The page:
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***P*X*L*8*** [alterImg - a jQuery before and after image slider] This is my first jQuery plugin, and it comes after a 6 year absence from coding.

***P*X*L*8*** [alterImg - a jQuery before and after image slider]

I'm not sure if it's a true plugin - I'm really just hijacking the built-in jQuery slider functionality. It started out as an exercise during some downtime. I had seen plugins with this behavior, first on The Guardian's website and then on Being a fairly simple and lazy person, I thought there should be a simpler way of achieving the same effect. Below is the result. The plugin part that makes this work is only 4kb, so you're not adding a great load to what you're probably already using in your page. Here's the code you'll need to make this work: Put this in the head tags. You can download the script here: Minified: jquery.alterimg-1.0.min.js Non-minified:jquery.alterimg-1.0.js Put this in the body where you want the image slider to be.

jQuery Before/After Plugin. About a month ago I was reading the New York Times online and they had an article which showed a road in Brooklyn that had been reconstructed to make it safer and more pleasing to the eye.

jQuery Before/After Plugin

To show the difference in the reconstruction project, they showed a before and after picture using Flash that let the visitor drag a slider over the images, which were sandwiched with one on top of the other, so that you could easily see how dramatic the changes were. I immediately thought that this could be done in JavaScript using jQuery, so I set out to do it. Here’s the result: Pretty slick no? CSS3 before and after slider. CSS play - Before and After Image Slider - NO javascript 10th October 2012 Firefox, Safari, Chrome and Opera [IE9 without animation and 'hold'] copyright © stu nicholls - CSS play Information A slider to show 'before' and 'after' images by sliding a pointer left and right Just hover the mouse over the left/right pointer circle and move it right and left to reveal/hide the 'after' image.

CSS3 before and after slider

Moving the mouse vertically off the left/right slider will stop the transition at its current position which will be held until you move the mouse back onto the left/right slider. Working in Firefox, Safari, Chrome and Opera. Copyright You may use this method on your personal 'non-profit' web site without seeking my permission. Commercial usage is also permitted without seeking approval, but I would ask that a donation is considered to support my work on CSSPlay. Before and after image slider. Counterfeit. Counterfeiting is not only illegal, but also dangerous.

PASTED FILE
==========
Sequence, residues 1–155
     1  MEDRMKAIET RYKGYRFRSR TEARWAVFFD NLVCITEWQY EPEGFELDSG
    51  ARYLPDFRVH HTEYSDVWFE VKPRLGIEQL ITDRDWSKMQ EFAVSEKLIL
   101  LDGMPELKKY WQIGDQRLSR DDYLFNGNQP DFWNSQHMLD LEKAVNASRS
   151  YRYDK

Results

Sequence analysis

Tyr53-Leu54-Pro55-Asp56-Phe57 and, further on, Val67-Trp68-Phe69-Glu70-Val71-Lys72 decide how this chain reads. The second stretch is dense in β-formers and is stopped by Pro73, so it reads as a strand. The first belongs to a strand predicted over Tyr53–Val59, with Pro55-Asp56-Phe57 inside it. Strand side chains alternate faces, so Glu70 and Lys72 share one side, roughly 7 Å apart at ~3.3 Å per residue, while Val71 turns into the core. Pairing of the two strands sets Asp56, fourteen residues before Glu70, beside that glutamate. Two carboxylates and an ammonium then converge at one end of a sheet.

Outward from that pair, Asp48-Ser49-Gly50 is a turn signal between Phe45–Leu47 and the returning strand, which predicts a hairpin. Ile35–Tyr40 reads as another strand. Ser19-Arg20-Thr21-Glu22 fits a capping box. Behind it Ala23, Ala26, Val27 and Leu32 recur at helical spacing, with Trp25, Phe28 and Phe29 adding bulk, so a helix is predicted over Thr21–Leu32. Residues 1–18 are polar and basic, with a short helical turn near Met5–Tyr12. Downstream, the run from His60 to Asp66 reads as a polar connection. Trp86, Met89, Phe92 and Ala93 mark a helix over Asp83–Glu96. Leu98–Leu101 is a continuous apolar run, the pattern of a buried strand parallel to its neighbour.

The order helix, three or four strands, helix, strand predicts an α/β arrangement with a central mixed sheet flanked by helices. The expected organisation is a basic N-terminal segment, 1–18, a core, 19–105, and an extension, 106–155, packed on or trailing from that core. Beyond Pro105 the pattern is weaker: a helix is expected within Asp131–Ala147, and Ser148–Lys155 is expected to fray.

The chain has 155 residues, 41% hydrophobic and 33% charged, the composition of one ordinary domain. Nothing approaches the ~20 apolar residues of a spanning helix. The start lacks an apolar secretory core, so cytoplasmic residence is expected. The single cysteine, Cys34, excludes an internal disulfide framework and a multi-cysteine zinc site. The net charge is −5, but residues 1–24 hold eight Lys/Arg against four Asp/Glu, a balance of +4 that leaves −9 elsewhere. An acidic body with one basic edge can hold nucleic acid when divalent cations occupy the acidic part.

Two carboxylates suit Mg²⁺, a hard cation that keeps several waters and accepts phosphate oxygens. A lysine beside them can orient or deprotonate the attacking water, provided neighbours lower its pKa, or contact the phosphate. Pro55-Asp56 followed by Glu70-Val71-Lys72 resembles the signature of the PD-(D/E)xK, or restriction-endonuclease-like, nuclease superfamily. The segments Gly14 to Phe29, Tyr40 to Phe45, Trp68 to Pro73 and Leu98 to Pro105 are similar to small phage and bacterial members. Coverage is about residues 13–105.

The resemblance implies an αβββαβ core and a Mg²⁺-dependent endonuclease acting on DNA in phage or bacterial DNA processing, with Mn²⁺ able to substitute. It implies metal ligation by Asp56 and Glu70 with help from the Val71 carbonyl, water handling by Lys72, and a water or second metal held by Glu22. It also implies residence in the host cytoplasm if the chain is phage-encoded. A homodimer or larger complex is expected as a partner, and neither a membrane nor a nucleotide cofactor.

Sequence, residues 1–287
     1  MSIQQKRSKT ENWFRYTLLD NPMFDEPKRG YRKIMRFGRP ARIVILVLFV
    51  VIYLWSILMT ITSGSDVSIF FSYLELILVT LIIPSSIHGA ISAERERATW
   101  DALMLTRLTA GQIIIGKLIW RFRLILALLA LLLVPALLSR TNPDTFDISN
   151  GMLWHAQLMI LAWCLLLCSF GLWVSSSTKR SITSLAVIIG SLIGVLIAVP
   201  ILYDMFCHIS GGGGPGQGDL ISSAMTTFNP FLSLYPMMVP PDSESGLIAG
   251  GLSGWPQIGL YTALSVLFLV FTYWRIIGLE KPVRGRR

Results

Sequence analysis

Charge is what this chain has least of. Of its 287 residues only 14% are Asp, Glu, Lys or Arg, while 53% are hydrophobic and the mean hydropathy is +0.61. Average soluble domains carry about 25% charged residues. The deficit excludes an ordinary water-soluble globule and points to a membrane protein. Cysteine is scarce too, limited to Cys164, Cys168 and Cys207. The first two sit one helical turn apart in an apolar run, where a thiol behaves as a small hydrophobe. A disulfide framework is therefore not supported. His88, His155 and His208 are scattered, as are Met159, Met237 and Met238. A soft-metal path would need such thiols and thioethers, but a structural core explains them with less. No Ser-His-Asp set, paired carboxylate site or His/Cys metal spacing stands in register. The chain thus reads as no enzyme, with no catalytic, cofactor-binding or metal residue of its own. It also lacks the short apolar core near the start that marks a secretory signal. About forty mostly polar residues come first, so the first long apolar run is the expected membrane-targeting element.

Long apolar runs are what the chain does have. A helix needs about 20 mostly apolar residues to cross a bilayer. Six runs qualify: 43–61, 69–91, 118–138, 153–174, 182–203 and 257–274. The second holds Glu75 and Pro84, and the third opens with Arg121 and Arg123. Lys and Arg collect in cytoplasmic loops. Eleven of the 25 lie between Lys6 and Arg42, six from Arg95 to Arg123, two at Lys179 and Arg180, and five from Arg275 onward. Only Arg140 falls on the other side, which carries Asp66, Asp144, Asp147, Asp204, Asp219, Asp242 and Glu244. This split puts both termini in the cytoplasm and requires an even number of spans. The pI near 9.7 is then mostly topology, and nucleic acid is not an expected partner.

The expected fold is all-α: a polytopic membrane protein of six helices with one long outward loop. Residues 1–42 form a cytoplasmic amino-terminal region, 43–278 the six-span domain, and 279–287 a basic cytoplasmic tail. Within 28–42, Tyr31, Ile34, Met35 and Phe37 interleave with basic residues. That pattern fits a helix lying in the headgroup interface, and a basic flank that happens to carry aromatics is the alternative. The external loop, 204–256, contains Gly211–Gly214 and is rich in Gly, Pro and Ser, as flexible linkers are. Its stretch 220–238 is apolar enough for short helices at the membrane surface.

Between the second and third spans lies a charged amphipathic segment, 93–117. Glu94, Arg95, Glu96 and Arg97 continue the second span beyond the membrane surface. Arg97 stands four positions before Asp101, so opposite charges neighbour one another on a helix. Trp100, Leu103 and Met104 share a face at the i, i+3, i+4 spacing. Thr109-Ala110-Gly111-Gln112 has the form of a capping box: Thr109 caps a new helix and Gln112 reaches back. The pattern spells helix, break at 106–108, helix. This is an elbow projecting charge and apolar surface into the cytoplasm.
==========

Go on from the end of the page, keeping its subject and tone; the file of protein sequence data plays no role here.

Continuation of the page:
After analyzing the content of counterfeit jackets, we know that instead of the sanitized, Canadian down used by Canada Goose, counterfeiters often use feather mulch or other fillers. These materials are often coated in bacteria, fungus or mildew, posing significant health risks to unsuspecting consumers. As well, raccoon, dog or other unknown animal hair may be used in place of our functional coyote fur ruff. Even more frightening is that for a person in cold climate, an authentic Canada Goose parka could mean the difference between life and death.

Without real down and fur, the chance of frostbite or freezing becomes a real possibility. Finally, counterfeit isn't just a danger to your health, but also your wallet. jQuery TwentyTwenty Plugin. Need to highlight the differences between two images?

jQuery TwentyTwenty Plugin

TwentyTwenty, a visual diff tool, makes it easy to spot them! Download TwentyTwenty The Problem We recently needed a way to showcase the visual differences between two images. Folks tend to typically place two images next to each other in hopes that it'll be clear exactly what changed. One of our Design Leads pointed us to Canada Goose, a cold weather outfitter. This sparked a few new ideas on how to do something similar for our own needs.

Responsive and functional on all devices Doesn't require images to workWorks with Foundation out of the box How it works TwentyTwenty works by stacking two images on top of each other. We're using custom movement events from the jquery.event.move library in order to support 1:1 slider movement on mobile devices. Setting up It's easy to get started, just wrap two images inside of a container. Then call twentytwenty() on this container once the images have loaded: And voila! Preventing FOUC JavaScript Options.